Imagine a place where people from all nationalities work together in harmony, regardless of skin color, gender, ethnicity, or religion. A place where cash has no value, and local farms keep citizens mostly self-sufficient in regards to fresh food. Sounds too idealistic to be true? A town named Auroville is a community of just this kind, and has been operating in India for more than fifty years.
Auroville is an international community, protected by UNESCO. Since 1968, Auroville has been home to people from all over the world, people who contribute their time, effort, ideas, and passion to making this utopian vision of sustainability and community into a reality.
A Universal Town
Auroville’s story begins in the 1960s, when a woman named Mirra Alfassa resolved to transform a 20-square kilometer plot of wasteland into a city that would live up to the ideals of Indian philosopher Sri Aurobindo, who believed in human unity and that man is “a transitional being”. After Aurobindo’s death in 1950, Mirra Alfassa took it upon herself to realize his vision via Auroville, the City of Dawn.
“Auroville wants to be a universal town where men and women of all countries are able to live in peace and progressive harmony, above all creeds, all politics and all nationalities. The purpose of Auroville is to realize human unity,” she said in the first public statement for the new township, released in 1965.
Located about 10 km north of the south Indian city of Pondicherry, Auroville was finally brought to life in 1968, with Alfassa – known as The Mother by residents and followers – at its head. At the Inauguration ceremony, in front of thousands of people from 124 countries, Alfassa set out a charter, describing Auroville’s vision and mission as a place of unending education and constant progress, as a place which belongs to humanity as a whole. Auroville offered its residents a “youth that never ages,” and a promise to bridge the past and the future by taking hold of innovation and technology to advance itself and humanity.
The City of Dawn
As of September 2018, Auroville is home to 2,953 people from 58 countries. Photos and pictures of The Mother, who died in 1973, can be found at every turn, but this recognition of the city’s founder are the closest thing that Auroville has to religion. The gold dome at the center of town is called the Matrimandir, surrounded by peaceful gardens and tranquil walking paths, and it is equipped with a solar farm. Many of the buildings in Auroville are unique, built to reflect experimental architecture and to make use of renewable practices and resources. The city includes a botanical garden, farming and industrial areas, a seed bank, forests, biogas plant facilities, and more, all of which contribute to Auroville’s vision as a sustainable place with experimental practices. Through farming and animals in the city, Auroville is self-sufficient when it comes to things like dairy products and in-season produce.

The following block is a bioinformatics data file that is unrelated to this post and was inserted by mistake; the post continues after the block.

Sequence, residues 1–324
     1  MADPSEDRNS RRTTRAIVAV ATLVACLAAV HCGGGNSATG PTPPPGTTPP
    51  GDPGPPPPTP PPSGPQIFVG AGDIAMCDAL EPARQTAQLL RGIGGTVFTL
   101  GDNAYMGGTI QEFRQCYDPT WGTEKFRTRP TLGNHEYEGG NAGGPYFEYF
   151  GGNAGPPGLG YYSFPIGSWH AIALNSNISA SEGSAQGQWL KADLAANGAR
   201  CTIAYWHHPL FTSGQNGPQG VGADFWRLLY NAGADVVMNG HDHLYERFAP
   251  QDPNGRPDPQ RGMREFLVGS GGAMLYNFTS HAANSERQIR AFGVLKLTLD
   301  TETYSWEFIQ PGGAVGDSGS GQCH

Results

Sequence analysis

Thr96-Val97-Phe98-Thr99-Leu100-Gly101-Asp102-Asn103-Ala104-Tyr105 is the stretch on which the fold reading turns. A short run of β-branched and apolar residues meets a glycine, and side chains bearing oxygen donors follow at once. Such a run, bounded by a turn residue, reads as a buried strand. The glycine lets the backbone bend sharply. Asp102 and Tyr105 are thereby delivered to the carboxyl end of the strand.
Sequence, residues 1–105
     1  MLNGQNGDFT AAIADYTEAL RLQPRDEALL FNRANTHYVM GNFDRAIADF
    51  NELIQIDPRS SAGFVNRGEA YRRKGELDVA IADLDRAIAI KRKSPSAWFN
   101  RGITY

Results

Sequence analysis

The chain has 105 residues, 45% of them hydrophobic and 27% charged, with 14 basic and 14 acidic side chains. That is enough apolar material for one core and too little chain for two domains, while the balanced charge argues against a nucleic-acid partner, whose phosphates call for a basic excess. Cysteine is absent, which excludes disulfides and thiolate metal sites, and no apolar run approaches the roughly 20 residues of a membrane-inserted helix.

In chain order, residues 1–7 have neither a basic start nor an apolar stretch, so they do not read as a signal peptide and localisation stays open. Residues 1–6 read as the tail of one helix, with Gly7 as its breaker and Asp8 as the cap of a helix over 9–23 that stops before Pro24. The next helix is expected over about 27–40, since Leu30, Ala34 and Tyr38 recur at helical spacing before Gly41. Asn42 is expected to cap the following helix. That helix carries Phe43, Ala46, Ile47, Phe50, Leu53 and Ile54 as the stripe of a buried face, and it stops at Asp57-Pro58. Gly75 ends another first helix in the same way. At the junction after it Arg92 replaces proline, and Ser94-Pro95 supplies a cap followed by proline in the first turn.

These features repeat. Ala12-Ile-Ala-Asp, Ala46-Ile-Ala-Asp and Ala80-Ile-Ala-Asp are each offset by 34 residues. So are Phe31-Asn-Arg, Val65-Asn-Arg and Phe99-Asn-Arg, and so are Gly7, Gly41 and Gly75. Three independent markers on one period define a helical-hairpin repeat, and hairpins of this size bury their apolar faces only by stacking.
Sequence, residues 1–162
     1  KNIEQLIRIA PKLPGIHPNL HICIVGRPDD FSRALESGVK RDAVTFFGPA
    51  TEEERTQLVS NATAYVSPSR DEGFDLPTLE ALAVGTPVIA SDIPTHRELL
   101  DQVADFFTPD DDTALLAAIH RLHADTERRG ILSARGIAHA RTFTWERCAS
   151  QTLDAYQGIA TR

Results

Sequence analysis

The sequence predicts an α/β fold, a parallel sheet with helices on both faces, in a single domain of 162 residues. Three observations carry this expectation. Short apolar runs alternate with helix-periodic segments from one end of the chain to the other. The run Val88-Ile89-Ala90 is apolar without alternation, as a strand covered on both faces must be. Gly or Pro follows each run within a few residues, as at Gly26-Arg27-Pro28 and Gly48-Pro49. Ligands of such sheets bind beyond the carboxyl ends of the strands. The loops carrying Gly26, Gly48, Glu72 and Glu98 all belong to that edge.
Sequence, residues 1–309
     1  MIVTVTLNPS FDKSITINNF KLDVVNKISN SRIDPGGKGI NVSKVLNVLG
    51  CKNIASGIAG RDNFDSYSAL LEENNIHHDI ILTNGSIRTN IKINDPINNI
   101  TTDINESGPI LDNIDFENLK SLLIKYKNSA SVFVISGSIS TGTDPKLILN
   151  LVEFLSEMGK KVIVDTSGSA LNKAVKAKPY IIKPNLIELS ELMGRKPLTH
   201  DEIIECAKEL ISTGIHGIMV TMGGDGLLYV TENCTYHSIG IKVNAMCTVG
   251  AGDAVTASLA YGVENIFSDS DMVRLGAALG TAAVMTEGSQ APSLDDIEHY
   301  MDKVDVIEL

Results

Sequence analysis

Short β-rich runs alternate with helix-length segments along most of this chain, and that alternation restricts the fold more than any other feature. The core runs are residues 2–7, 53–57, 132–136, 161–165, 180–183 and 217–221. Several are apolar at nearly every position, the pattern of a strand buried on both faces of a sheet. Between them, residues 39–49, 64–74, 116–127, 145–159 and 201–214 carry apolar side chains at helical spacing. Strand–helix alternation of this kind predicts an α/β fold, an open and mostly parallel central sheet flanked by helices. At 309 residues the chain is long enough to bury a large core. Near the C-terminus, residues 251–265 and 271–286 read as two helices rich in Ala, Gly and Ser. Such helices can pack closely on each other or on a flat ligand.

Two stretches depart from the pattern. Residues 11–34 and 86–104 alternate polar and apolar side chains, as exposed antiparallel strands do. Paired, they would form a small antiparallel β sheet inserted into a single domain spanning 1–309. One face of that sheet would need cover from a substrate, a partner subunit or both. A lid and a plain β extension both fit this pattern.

The people of Auroville are each expected to make a monthly contribution to the city in exchange for receiving their basic needs. These contributions can be monetary, but they can also be made via work and other contributions that help to advance Auroville’s vision. People pay to be ‘stewards’ of the houses in which they live, utilities like healthcare and electricity are free, and schools encourage children to learn at their own pace and focus on their individual passions in their learning. Visitors, who can stay in guest houses or with hosts in the city, are asked to make a daily donation to help support Auroville, but instead of paying in any paper or coin currency, they are asked to request an Aurocard, which is like a debit card that only works in Auroville and which all residents have and use for their daily needs.
Many residents of Auroville are artists, who create their work in an atmosphere of peace, creativity, and community, but many are also scientists, doctors, farmers, and people from all walks of life.
Growing and Changing
Auroville is not perfect by any means. Like any place, it has its share of struggle, controversy, and crime. It’s essentially a community founded by the flower-power hippies of the 1960s, and with that comes a level of idealism that often clashes with the real world. Questions of who controls the money that keeps the town going are often forefront in the minds of residents, most of whom pay mandatory ‘donations’ when they join the town and start a life there, and occasionally the problems of the outside world – problems like robbery, rape, and murder – manifest themselves within Auroville’s supposedly paradisiacal borders.
But residents in Auroville hold to their belief in the place, a place which to many is an escape from the troubles of the world they lived in before. It’s a place where weirdos and misfits, dreamers and scholars, and anyone who wonders about their place in the world can find a home, and the beauty in that vision is what draws many people to Auroville. It’s not perfect, but it’s something different, something that tries to break free of the pressures that the rest of the world exerts. Like the massive banyan tree at the exact geographical center of the City of Dawn, Auroville is always growing, and always changing, constantly adjusting its own definition of what it means to be utopia.
Photo credits: Auroville.com, TripAdvisor